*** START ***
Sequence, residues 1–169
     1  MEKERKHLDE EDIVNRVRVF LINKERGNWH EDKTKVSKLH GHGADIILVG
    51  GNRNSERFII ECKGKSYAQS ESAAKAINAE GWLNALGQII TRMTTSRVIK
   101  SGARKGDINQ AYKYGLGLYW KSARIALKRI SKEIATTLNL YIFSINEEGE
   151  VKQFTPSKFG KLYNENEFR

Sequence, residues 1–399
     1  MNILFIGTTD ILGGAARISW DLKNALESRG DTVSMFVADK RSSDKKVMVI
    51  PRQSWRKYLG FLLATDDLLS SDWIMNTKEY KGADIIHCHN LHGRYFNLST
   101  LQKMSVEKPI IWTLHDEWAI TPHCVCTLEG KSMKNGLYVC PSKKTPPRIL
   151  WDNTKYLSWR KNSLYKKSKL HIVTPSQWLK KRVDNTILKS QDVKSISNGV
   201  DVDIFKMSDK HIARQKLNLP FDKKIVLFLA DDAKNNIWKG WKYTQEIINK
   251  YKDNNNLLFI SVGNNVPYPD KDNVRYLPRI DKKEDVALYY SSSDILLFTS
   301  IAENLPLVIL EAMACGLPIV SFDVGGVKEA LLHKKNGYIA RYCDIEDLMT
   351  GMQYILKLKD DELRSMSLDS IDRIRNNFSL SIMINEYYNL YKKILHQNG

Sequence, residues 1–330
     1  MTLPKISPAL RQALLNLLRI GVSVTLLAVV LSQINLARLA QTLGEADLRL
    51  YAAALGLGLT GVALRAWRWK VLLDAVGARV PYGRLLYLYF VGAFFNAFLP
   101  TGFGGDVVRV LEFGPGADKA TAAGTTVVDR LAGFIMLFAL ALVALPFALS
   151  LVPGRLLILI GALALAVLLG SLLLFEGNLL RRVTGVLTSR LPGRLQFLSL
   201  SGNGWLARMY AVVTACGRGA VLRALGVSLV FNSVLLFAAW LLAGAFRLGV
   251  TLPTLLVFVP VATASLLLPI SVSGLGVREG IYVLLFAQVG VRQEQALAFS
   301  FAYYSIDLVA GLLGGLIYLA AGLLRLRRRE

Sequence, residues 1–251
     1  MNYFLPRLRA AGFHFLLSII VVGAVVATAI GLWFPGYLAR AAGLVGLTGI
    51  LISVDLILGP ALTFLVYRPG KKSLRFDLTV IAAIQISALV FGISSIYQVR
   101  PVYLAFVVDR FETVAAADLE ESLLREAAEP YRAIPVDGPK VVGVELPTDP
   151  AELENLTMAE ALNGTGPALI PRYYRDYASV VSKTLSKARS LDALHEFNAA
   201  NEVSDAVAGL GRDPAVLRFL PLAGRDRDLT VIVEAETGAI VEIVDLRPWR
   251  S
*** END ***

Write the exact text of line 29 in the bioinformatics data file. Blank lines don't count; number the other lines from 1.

   251  S